I have no desire to oppose this Bill. I believe that it should be passed to meet the wishes of the Shetland people. In my constituency there are no people who want the embargo which the Shetland people, owing to the conditions existing there, desire, and as the Bill provides that it is not to be put into force except when the people want it I have no objection to offer.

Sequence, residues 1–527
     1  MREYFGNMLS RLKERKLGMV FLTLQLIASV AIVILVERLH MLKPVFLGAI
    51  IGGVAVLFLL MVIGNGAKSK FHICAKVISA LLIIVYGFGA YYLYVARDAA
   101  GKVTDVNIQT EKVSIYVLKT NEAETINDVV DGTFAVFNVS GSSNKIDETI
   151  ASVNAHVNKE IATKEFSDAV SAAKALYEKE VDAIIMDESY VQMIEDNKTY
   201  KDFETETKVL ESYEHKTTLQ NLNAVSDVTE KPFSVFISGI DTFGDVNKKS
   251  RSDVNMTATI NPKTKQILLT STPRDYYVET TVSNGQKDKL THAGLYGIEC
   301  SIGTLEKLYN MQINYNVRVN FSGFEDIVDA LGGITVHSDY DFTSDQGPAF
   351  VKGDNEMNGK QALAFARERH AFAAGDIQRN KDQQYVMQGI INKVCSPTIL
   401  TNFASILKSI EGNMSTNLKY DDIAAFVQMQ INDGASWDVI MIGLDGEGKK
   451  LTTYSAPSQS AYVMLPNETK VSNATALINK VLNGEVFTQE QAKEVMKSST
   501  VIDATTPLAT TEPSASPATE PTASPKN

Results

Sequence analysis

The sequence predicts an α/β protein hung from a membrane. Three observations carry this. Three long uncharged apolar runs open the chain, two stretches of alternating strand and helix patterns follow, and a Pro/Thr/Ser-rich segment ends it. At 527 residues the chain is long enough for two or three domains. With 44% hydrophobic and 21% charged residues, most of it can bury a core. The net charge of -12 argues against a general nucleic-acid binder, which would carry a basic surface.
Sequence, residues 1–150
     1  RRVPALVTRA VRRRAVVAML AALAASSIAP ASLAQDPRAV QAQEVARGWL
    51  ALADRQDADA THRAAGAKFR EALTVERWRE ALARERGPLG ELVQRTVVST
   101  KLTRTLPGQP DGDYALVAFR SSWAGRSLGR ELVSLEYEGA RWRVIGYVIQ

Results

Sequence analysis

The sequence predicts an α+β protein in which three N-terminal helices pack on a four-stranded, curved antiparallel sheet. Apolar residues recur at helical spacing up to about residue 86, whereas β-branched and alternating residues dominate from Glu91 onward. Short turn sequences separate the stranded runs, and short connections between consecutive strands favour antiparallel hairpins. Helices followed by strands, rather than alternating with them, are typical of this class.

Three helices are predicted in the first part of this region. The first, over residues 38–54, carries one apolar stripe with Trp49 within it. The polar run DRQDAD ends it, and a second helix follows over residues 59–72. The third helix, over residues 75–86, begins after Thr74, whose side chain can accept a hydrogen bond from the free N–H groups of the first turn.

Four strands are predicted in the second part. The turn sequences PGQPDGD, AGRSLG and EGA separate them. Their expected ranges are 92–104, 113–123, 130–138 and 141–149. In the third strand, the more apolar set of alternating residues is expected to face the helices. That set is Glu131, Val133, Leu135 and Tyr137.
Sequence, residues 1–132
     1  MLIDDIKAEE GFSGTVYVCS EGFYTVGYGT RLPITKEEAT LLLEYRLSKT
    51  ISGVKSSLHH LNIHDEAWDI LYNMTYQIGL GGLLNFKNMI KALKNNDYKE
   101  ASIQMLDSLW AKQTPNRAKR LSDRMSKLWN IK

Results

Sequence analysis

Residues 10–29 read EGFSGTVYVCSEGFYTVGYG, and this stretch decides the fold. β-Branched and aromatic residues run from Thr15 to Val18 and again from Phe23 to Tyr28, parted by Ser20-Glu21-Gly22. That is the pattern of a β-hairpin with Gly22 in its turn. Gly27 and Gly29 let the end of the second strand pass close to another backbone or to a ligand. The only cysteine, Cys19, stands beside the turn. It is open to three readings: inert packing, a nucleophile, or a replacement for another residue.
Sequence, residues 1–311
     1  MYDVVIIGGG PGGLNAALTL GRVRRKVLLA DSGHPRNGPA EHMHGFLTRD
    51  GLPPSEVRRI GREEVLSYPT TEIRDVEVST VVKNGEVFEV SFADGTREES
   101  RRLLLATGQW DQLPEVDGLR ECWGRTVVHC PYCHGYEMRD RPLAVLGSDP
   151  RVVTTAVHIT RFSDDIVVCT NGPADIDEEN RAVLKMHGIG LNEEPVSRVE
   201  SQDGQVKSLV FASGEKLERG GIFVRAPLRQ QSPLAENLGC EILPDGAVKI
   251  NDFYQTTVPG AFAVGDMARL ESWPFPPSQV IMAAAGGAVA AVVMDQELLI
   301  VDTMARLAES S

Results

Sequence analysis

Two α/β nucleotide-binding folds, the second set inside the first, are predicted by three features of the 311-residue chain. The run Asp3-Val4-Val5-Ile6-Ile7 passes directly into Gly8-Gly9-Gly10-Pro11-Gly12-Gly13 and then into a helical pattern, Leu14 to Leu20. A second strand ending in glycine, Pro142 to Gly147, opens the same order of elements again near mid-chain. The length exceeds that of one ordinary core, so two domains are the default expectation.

I am not opposed to this Bill, but I should have been opposed to it if it had been, as some people wished it to be, a Bill imposing an absolute prohibition on whaling in these waters. It is because it is permissive and gives discretion to the Secretary of Scotland that I support it. Though I think that there is some evidence to show that whaling off the West Coast of Shetland has something to do with the disappearance of the herring in these waters, yet I do not think that it is proved fully, because we can give examples of many other fishing stations in the North of Scotland where there has been at one time a- large herring fishery which has suddenly disappeared without any good apparent reason. That being so, I think that it would be a mistake to suppose that because herring have disappeared in these water therefore it must be the result of the whaling that has been going on for the last 20 years or so. That is why I think that discretion should be given to the Secretary for Scotland, so that he can watch what will happen within the next few years and prohibit whaling only if he thinks that the case against it is fully proved. There is another reason. An attempt was made by bringing the two parties together to make an arrangement whereby both herring fishing and whaling could be carried on in these waters. It is possible that if whaling were confined to a certain time of the year, when herring fishing was not being followed, the herring fishing could be carried on at other periods of the year, and if the Secretary for Scotland has this discretion he may be armed with some negotiating power which might enable him to get such an arrangement adopted.